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Transitional Justice

43 minutes
First broadcast:
Wednesday 25 April 2012

Clive Anderson and top legal experts discuss the best way to achieve justice in the wake of massive human rights violations in the Arab Spring countries. What role should the international community play in the process?
Libyan lawyer Elham Saudi and US ambassador-at-large for war crimes issues, Stephen Rapp, reflect on how successfully transitional justice was achieved in the past, in Sierra Leone, Rwanda, Iraq, South Africa and Yugoslavia, and argue about the best way forward in Libya as well as in Egypt and Tunisia.

Should prominent members of the former Libyan regime, such as Saif Gadaffi, be tried in Libya, where they would face the death penalty, or dealt with in the International Criminal Court in The Hague?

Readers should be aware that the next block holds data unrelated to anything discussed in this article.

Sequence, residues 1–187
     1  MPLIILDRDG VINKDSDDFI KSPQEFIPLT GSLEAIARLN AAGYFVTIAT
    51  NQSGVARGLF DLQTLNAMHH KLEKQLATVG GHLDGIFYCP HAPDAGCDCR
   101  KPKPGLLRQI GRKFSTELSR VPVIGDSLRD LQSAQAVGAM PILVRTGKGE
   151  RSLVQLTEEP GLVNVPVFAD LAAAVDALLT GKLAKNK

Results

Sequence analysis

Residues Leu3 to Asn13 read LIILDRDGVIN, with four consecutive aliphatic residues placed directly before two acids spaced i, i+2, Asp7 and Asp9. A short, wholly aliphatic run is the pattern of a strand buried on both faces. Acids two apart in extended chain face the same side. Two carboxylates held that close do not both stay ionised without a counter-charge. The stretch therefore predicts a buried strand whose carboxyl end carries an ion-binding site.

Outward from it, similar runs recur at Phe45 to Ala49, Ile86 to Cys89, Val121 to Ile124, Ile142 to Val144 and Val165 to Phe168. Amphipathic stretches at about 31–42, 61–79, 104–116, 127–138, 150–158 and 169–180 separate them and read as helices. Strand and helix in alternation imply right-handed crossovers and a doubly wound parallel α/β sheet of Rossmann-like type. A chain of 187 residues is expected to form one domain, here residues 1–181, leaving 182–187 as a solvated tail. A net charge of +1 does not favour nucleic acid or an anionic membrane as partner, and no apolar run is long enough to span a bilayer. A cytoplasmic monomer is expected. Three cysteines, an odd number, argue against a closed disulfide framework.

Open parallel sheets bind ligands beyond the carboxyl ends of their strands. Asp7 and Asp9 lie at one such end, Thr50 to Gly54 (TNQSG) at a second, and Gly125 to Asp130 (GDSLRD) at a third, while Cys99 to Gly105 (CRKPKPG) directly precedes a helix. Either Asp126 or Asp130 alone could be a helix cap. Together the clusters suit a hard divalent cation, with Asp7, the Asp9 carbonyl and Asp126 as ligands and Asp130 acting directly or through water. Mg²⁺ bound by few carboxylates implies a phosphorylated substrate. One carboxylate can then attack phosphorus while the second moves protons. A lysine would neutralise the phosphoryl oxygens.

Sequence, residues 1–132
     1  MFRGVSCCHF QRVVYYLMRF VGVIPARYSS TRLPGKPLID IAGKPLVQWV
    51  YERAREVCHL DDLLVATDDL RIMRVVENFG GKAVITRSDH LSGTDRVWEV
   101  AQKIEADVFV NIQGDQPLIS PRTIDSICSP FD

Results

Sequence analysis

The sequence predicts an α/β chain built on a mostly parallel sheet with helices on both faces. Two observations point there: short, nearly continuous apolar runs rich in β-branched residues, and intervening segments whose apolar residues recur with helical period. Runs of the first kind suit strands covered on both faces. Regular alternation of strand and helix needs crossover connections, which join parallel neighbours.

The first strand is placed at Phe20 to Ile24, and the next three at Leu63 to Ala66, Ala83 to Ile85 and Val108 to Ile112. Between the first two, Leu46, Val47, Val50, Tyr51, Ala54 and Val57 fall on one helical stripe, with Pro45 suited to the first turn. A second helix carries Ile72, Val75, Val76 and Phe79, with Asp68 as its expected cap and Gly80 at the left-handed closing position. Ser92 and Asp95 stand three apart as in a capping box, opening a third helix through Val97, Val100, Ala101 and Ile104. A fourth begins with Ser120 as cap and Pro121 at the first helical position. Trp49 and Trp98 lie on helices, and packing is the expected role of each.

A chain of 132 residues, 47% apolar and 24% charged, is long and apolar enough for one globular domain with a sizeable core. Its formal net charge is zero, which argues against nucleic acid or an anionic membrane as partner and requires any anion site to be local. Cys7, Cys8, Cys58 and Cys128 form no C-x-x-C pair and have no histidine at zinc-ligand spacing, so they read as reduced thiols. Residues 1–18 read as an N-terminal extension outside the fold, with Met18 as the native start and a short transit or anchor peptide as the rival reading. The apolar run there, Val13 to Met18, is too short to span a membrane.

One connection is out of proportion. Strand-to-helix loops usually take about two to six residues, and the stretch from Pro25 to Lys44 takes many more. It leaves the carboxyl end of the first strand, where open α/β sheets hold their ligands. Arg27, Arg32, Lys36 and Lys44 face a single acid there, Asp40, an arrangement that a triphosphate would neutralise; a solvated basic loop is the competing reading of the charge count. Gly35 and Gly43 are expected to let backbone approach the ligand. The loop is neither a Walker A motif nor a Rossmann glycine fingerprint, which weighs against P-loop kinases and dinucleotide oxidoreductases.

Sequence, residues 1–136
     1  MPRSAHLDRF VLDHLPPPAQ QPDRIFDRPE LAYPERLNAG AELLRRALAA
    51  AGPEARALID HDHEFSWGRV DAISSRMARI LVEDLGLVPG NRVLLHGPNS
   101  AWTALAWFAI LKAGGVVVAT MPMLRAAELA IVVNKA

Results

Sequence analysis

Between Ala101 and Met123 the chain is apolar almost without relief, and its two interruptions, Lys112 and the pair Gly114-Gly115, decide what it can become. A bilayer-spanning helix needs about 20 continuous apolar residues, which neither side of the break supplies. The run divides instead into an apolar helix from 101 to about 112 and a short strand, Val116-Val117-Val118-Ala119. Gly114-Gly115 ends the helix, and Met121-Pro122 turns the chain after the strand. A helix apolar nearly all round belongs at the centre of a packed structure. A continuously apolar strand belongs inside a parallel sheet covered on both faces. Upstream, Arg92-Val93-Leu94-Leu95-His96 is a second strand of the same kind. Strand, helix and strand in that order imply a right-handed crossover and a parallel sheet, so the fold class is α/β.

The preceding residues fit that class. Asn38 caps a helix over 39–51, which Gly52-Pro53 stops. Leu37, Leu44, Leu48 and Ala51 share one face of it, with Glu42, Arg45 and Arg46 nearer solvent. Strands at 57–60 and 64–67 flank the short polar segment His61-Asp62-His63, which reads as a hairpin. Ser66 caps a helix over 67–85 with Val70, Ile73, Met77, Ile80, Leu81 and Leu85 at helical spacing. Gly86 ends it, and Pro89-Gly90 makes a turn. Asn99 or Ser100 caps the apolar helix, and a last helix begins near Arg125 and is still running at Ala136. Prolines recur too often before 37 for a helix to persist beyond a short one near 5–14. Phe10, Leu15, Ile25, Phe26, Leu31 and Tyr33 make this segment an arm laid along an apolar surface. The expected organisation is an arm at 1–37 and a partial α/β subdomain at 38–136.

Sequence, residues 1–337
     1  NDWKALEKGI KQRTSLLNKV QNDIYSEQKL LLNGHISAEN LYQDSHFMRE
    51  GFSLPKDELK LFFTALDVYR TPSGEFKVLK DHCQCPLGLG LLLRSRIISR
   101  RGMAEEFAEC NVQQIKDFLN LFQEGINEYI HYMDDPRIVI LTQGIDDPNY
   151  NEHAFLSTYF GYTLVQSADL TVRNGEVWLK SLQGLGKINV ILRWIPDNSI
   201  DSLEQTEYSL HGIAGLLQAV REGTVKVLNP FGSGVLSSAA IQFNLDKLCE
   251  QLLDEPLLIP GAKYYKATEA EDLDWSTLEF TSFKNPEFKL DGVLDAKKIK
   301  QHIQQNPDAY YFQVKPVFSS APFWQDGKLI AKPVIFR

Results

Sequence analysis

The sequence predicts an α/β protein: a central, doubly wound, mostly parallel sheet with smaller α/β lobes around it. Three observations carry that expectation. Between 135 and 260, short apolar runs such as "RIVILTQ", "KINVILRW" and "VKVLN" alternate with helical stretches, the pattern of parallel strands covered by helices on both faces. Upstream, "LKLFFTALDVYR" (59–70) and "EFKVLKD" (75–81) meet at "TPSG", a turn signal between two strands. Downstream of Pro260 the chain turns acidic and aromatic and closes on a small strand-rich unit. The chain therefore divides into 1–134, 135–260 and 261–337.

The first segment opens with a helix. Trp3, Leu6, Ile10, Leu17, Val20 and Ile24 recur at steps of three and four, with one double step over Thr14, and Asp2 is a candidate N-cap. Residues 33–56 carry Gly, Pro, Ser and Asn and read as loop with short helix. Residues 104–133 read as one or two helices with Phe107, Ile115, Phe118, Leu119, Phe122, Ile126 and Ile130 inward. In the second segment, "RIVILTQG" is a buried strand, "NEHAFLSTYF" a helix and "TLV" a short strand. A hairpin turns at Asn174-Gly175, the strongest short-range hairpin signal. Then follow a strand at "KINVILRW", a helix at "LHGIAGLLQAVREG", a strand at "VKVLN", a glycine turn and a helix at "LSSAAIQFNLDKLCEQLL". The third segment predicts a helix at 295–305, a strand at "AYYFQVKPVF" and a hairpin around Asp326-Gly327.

Other guests on the programme are Claudio Cordone of the International Centre for Transitional Justice and Geoffrey Robertson QC who served as the first President of the Special Court in Sierra Leone.

Are criminal trials the best way to address the horrors of a long and brutal regime? Or are truth and reconciliation commissions better placed to allow a society to move forward? And if there are to be trials, should members of revolutionary forces also be prosecuted for human rights violations?

Producer: Brian King
An Above The Title production for BBC Radio 4.


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